The Original 'Lambda Papers' by Guy Steele and Gerald Sussman

Sussman, Gerald Jay and Steele, Guy L. Scheme: An Interpreter For Extended Lambda Calculus. December 1975. [PDF]

Inspired by ACTORS, we have implemented an interpreter for a LISP-like language, SCHEME, based on the lambda calculus, but extended for side effects, multiprocessing, and process synchronization. The purpose of this implementation is tutorial. We wish to: (1) alleviate the confusion caused by Micro-PLANNER, CONNIVER, etc. by Clarifying the embedding of non-recursive control structures in a recursive host language like LISP. (2) explain how to use these control structures, independent of such issues as pattern matching and data base manipulation. (3) have a simple concrete experimental. domain for certain issues of programming semantics and style. This paper is organized into sections. The first section is a short "reference manual" containing specifications for all the unusual features of SCHEME. Next, we present a sequence of programming examples which illustrate various programming styles, and how to use them. This will raise certain issues of semantics which we will try to clarify with lambda calculus in the third section. In the fourth section we will giva a general discussion of the issues facing an implementor of an interpreter for a language based on lambda calculus. Finally, we will present a completely annotated interpreter for SCHEME, written in MacLISP, to acquaint programmers with the tricks of the trade of implementing non-recursive control structures in a recursive language like LISP.

Steele, Guy L and Sussman, Gerald Jay. Lambda: The Ultimate Imperative. March 1976. [PDF]

We demonstrate how to model the following common programming constructs in terms of an applicative order language similar to LISP: - Simple Recursion - Iteration - Compound Statements and Expressions - GO TO and Assignment - Continuation-Passing - Escape Expressions - Fluid Variables - Call by Name, Call by Need, and Call by Reference. The models require only (possibly self-referent) lambda application, conditionals, and (rarely) assignment. No complex data structures such as stacks are used. The models are transparent, involving only local syntactic transformations. Some of these models, such as those for GO TO and assignment, are already well known, and appear in the work of Landin, Reynolds, and others. The models for escape expressions, fluid variables, and call by need with side effects are new. This paper is partly tutorial in intent, gathering all the models together for purposes of context.

Steele, Guy L. Lambda: The Ultimate Declarative. November 1976. [PDF]

In this paper, a sequel to LAMBDA: The Ultimate Iaperative, a new view of LAMBDA as a renaming operator is presented and contrasted with the usual functional view taken by LISP. This view, combined with the view of function invocation as a kind of generalized GOTO, leads to several new insights into the nature of the LISP evaluation mechanism and the symmetry between form and function, evaluation and application, and control and environment. It also complements Hewitt's actors theory nicely, explaining the intent of environment manipulation as cleanly, generally, and intuitively as the actors theory explains control structures. The relationship between functional and continuation-passing styles of programming is also clarified. This view of LAMBDA leads directly to a number of specific techniques for use by an optimizing compiler: (1) Temporary locations and user-declared variables may be allocated in a uniform manner. (2) Procedurally defined data structures may compile into code as good as would be expected for data defined by the sore usual declarative means. (3) Lambda-calculus-theoretic models of such constructs as GOTO, DO loops, call-by-name, etc. way be used directly as macros, the expansion of which may then compile into code as good as that produced by compilers which are designed especially to handle GOTO, DO, etc. The necessary characteristics of such a compiler designed according to this philosophy are discussed. Such a compiler is to be built in the near future as a testing ground for these ideas.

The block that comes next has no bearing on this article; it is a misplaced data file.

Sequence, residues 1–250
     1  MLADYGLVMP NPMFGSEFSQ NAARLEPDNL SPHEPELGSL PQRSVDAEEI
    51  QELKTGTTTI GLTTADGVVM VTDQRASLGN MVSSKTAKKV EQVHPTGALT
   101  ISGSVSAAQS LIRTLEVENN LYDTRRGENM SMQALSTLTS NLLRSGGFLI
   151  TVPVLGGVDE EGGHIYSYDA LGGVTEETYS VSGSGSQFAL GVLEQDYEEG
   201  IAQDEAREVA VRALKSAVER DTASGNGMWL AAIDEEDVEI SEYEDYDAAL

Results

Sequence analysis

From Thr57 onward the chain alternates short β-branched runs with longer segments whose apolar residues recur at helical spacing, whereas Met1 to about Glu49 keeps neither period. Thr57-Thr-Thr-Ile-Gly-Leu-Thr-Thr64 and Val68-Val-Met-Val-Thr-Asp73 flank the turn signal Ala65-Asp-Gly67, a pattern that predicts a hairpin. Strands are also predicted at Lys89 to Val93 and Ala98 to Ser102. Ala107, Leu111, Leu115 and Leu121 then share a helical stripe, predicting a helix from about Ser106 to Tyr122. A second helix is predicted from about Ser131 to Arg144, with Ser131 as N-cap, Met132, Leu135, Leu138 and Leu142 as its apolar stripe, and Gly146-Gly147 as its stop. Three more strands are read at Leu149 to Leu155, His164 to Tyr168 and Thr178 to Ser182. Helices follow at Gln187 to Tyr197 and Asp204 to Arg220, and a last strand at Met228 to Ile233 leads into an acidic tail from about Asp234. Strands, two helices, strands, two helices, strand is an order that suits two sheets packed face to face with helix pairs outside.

Steele, Guy L. Debunking the "Expensive Procedure Call" Myth or, Procedure Call Implementations Considered Harmful or, Lambda: The Ultimate GOTO. October 1977. [PDF]

Folklore states that GOTO statements are "cheap", while procedure calls are "expensive". This myth is largely a result of poorly designed language implementations. The historical growth of this myth is considered. Both theoretical ideas and an existing implementation are discussed which debunk this myth. It is shown that the unrestricted use of procedure calls permits great stylistic freedom. In particular, any flowchart can be written as a "structured" program without introducing extra variables. The difficulty with the GOTO statement and the procedure call is characterized as a conflict between abstract programming concepts and concrete language constructs.

Sussman, Gerald Jay and Steele, Guy L. The Art of the Interpreter or, the Modularity Complex. May 1978. [PDF]